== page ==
IF YOU GO
What: Jasper Highlands open house and sale day
When: Saturday, Aug. 2 from 9 a.m. to 2 p.m.
Where: 210 Battlecreek Rd., Kimball, TN, 37380
Lot prices: Two-acre homesites for $29,900; three-acre bluff homesites for $99,900 and home and land packages starting at $235,000
KIMBALL, Tenn. — You can tell where the public road ends and John "Thunder" Thornton's Jasper Highlands road begins — four inches of asphalt on top of gravel and red clay, compacted under the knobby teeth of a sheepsfoot roller.
The former is sun-bleached and cracking. The latter is sleek and smooth.
"We're awfully proud of this road," Thornton said Wednesday.
The first phase of his 4,000-acre Jasper Mountain development is coming along. The first phase's 98 lots are completely sold and half of the 100 lots in the second phase of the gated community have been bought or are under contract. Houses are going up, rock-faced and rustic, here and there, at $250,000 a pop or more.
To get to the mountaintop paradise, Thornton had to build a $6 million road. The deep black road cutting up the mountain is only a 6-minute drive from Interstate 24.
Thornton loves the 23 miles of buildable mountain brow overlooking the Sequatchie Valley and Tennessee River Gorge that his Marion County development offers.
He loves that you can see probably four states from up here on a clear day.
He loves East Tennessee, his home.
And, dog gonnit, this road.
"We feel like it's the best mountain road in the region," said Dane Bradshaw, president of Thunder Enterprises.
Granted, Thornton didn't really want to pour four inches of asphalt. He says two inches on a solid, compacted base would have fine for neighborhood traffic.
But the Marion County government told him it had to be four inches, no exception.
So he did it, and paid for it himself: six miles of two-lane blacktop up the mountain, through dynamited ridges and all.
"At the end of the day, John did what he said he said he was going to do," said Bradshaw.
Because Thornton didn't want to be the next in a series of developers who made promises to Marion County residents then fell through on them.
Developers of the nearby Cumberlands at Sewanee and Rarity Club on Nickajack Lake both bankrupted during the Great Recession after selling some lots but not finishing all the roads in their respective developments.
"Marion County has had a tough time with developers here, just to be honest, and it's really unfortunate," said Thornton. "In business, you have to do what you say you're going to do."
As he cruised the new road on an unseasonably gorgeous late July afternoon Wednesday, Thornton stopped because a clear, plastic utility box lay unattended, out-of-place.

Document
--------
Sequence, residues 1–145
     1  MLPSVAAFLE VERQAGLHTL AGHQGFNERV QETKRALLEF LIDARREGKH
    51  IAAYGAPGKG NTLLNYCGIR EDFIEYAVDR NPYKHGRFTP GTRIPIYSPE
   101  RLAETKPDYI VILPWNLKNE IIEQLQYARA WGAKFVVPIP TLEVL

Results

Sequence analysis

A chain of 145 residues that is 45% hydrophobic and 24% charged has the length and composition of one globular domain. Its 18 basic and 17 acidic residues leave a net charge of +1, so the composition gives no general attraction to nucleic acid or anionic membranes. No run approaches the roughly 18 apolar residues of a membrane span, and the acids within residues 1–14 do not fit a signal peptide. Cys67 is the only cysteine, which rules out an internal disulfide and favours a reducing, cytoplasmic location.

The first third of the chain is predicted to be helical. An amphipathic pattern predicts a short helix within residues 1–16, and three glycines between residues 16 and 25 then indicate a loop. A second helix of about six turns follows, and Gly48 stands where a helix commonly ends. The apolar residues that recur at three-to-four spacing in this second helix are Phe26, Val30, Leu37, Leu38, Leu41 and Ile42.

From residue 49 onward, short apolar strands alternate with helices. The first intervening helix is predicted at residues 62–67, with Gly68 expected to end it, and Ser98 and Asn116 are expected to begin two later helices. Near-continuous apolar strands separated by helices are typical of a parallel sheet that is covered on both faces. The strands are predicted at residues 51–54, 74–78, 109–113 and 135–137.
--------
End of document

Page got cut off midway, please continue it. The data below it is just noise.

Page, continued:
Thornton doesn't settle, says Jay Garrity, vice president of marketing for Jasper Highlands. And his attention to detail is uncanny.
Thornton determined the box must have been accidentally left behind by someone.
Of course, these days leading up to Saturday's open house are the days of the fine-tooth comb and white glove.
So far, sales at Jasper Highlands are right on track, if not better. Bradshaw thinks there will be upwards of 30 new homes under construction by the year's end.
But that's not an excuse to slack.
Bradshaw and Garrity on Thursday pointed out the guardrail going up along the Jasper Highlands entrance from Kimball.
A few days prior, Thornton had crews take up what they had installed and start over, because he said the guardrail was too close to the road.
But his demands mean the home buyers win, said Bradshaw.
A Life Force helipad. A laser-levelled soccer field. Tennis courts. A basketball court. Miles of walking trails, a dog park. Six- and seven-acre parks for Jasper Highlands residents perched on the prettiest overlooks, not for sale to any one person.
"You get all this," said Thornton.
It feels like he's left nothing to chance: the road maximized Jasper Highlands' marketability. So did the addition of city water service.
The parks maximize every resident's home value.
And Thornton hopes the extras maximize the return on his property and the 6-mile privately-funded road he just completed.
"This is 100 percent my nickels," he said, observing crews reinstalling the guardrail on Thursday.
Contact staff writer Alex Green at firstname.lastname@example.org or 423-757-6480.
Alex Green joined the Times Free Press staff full-time in January 2014 after completing the paper's six-month, general assignment reporter internship. Alex grew up in Dayton, Tenn., which is also where he studied journalism at Bryan College. He graduated from Rhea County High School in 2008. During college, Alex covered the city of Graysville and the town of Spring City for The Herald-News. As editor-in-chief of Bryan College's student news group, Triangle, Alex reported on ...